Mahmoud Abdel Fattah Hassan has come to Reno from Cairo, Egypt, and earlier this month he saw real-life snow for the first time.
But more than that, the Fulbright scholar and new University instructor is hoping that his presence in Reno will help educate northern Nevada about its role in an increasingly global community and economy by teaching Arabic -- a language that is not widely taught in Nevada.
"The most exciting thing about this matter is that American people will know more and more about my country, my people and my culture," Hassan said. "To add to this, it is a great opportunity to be in the United States of America in order to be a good ambassador of the United States of America when I come back to my country."
Hassan is teaching in Reno thanks to a unique intersection between the missions of the U.S. Department of State's Fulbright Program, which is designed to increase mutual understanding between the people of the United States and those of other countries, as well as the Northern Nevada International Center (NNIC). The NNIC works to build bridges of understanding between the people of Reno and people from other places.
Carina Black, director of NNIC, explained the relationship and why Hassan has come to Reno. Among other things, NNIC introduces language classes where there is an expressed interest, need and niche. The center operates after-school programs in 20 local schools for all interested community members.
"Many students came to me and asked why the University didn't offer an Arabic language class," Black said. "That went on for so long that I finally said, ‘All right, I'm going to do something about it.'"
Registration for the newly introduced Arabic language course is open to the public and is available on the NNIC website until the first class on Jan. 28. The course costs $375 plus the cost of three books (approximately $50) and runs until May 9.
These classes are not accredited; however, after successfully completing four Arabic language levels, students may have language requirements waived by the University's Foreign Language Department.
The three Arabic language levels to be taught are each a stepping stone for the other. Students learn letters and sounds, vocabulary and expressions, as well as the fundamentals of the Arabic language and culture.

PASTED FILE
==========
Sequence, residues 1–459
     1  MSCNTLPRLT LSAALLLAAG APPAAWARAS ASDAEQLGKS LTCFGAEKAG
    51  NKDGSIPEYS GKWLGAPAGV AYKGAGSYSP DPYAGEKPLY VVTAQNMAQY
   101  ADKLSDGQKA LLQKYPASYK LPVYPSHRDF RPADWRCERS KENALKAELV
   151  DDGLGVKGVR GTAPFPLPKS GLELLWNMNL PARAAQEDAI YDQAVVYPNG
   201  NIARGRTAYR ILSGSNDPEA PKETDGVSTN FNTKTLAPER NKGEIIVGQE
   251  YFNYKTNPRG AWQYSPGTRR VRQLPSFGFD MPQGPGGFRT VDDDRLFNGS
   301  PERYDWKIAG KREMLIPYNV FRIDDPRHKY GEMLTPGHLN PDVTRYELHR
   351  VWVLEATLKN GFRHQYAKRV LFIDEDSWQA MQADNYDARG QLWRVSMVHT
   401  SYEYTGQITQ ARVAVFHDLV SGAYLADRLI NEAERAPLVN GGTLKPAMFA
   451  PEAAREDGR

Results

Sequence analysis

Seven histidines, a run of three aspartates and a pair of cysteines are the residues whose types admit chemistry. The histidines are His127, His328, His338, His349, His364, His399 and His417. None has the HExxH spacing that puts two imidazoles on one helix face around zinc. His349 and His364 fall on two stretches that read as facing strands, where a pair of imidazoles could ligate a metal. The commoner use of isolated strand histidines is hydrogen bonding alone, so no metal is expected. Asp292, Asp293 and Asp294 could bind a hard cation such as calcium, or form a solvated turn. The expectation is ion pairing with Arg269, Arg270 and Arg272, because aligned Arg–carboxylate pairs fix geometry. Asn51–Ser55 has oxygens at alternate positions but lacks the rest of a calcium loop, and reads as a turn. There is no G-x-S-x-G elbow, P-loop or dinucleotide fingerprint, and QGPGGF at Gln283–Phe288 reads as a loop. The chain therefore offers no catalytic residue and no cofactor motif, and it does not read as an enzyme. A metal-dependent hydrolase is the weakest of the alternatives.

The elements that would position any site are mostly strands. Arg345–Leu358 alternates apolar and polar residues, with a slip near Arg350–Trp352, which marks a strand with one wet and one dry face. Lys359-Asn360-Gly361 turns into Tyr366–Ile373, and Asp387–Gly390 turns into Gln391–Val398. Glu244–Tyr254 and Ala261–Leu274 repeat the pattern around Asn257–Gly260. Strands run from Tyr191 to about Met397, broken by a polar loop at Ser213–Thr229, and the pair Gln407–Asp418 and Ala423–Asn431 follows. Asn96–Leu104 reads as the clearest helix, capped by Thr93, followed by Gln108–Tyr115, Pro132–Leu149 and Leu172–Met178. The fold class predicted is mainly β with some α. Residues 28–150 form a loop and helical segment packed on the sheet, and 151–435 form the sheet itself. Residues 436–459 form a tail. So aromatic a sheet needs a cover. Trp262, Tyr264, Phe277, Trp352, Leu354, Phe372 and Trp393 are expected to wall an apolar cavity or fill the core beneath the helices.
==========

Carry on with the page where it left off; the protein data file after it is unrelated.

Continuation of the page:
"In my point of view, language and culture cannot be separated," Hassan said.
Black added, "We have a very wide variety of people who attend our classes, not just for University students. We've had high school students, (and) a 76-year-old. A wide variety of people attend our classes."
Data released in November by the Modern Language Association indicated that the American college student enrollment in language courses other than English increased broadly since 2002, and are at their highest level since 1960. The data showed that for Arabic, the number of colleges and universities offering the Middle Eastern language has nearly doubled, from 264 in 2002 to 466 in 2006. Arabic is now one of the top 10 most studied languages, the survey said.
Black said the NNIC believes that learning a foreign language and culture contribute to a student's competitiveness when looking for a job. She also mentioned that a few industries where knowledge of multiple languages and culture is a major benefit, including business, government and military science.
Black said that in 2007, of the approximately 1,000 U.S. Embassy employees in Baghdad -- the largest of the U.S. embassies -- only six of them spoke Arabic.
By offering the Arabic language course, Black said, "We want to ensure that we're keeping up with the wave of political and economic development."